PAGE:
Psychology Faculty Research Areas
Faculty, graduate students, and undergraduate students are heavily involved in research. Below is a list of faculty labs by graduate program. Specific research interests for the scholarly output of faculty and graduate students can be accessed via the links below.
- Psychotherapy & Interpersonal Process Lab—Timothy Anderson
Clinical Child Psychology
- Center for Intervention Research In Schools—Drs. Julie Owens & Steven Evans
- Cognitive Psychology at Ohio University—Dr. Claudia Gonzalez Vallejo
- Consortium for the Advancement of Cognitive Science (CFACS)—Dr. Ronaldo Vigo
- Judgment and Decision Making Laboratory—Dr. Claudia Gonzalez Vallejo
- Psycholinguistics Lab—Danny R. Moates
- Scope Lab (Structures, Concepts, and Perception Laboratory)—Dr. Ronaldo Vigo
Health Psychology (Clinical)
- Clinical Neuropsychology Research—Dr. Julie Suhr
- Clinical Psychophysiology—Dr. Christopher France
- The Body Image, Weight, and Eating Laboratory (B-WEL)—Dr. Jean Forney
- Psychophysiology Training Laboratory —Dr. Peggy Zoccola
Health Psychology (Experimental)
- Psychosocial Processes and Health Laboratory—Dr. Peggy Zoccola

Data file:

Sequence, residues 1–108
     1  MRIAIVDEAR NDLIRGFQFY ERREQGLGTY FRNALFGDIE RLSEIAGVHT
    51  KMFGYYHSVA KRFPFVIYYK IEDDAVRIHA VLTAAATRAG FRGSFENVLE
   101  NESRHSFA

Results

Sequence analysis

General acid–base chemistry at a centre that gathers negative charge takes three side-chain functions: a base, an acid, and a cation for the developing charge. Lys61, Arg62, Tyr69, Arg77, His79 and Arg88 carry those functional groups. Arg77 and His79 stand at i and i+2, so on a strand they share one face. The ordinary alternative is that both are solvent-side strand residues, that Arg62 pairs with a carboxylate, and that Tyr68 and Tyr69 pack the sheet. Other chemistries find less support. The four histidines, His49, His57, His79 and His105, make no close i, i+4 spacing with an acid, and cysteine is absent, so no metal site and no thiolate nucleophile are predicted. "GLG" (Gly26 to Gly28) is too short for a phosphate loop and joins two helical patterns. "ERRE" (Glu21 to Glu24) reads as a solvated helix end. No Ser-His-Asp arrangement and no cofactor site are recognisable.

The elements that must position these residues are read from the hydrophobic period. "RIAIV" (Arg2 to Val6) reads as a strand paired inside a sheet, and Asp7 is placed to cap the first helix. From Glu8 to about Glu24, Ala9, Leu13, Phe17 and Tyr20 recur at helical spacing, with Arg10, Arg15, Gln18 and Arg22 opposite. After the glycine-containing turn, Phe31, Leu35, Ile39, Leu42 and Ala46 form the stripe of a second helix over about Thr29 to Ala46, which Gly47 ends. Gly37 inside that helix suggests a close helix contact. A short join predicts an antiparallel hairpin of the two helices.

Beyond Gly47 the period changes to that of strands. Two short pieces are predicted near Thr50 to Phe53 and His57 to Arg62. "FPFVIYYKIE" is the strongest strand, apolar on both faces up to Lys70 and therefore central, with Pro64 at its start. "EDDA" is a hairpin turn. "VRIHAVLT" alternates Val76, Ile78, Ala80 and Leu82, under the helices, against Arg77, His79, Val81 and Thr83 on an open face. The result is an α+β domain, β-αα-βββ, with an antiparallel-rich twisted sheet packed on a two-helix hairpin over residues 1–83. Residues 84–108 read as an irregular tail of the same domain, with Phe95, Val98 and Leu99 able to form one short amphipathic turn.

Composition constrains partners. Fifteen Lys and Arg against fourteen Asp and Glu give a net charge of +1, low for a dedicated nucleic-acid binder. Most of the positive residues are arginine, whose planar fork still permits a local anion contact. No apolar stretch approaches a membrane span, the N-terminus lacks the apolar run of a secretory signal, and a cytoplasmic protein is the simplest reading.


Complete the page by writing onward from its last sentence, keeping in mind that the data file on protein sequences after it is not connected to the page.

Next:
- CATS (Conformity, Attitudes, Threat and the Self) Lab—Kim Rios
The broad purpose of research in Health Psychology is to understand reciprocal relationships between psychology and physical health. The specific focus is on chronic illness including 1) investigation of psychological and biological factors that predispose to, precipitate, or maintain illness and disability, and 2) development and evaluation of psychological interventions that enhance the functioning of individuals with chronic disorders.
Faculty in this area focus on the assessment of the problems of individuals, families, and organizations as well as the evaluation of the processes and outcomes of interventions aimed at improving such problems. Targeted populations include adults and children with emotional, behavioral, job-related, and neurological problems. Specific efforts include psychotherapy research, the evaluation of programs for victims of sexual violence and harassment, the assessment of more severely disturbed individuals, and the evaluation of community mental health and parenting programs.
Faculty in this area focus on how individuals form judgments about other people and attitude objects, and how judgments translate into decisions and choices. Among the topics they investigate are organizational decision making, modeling of higher-order cognitive processes, the influence of personal values and preferences on judgments of others, the operation of self-motives such as self-enhancement and self-protection, mental simulation of the past and future, social norms, the responses of individuals to threats and uncertainty, the process by which people achieve and maintain several goals in dynamic and complex environments, as well as a variety of more basic judgment and decision- making processes.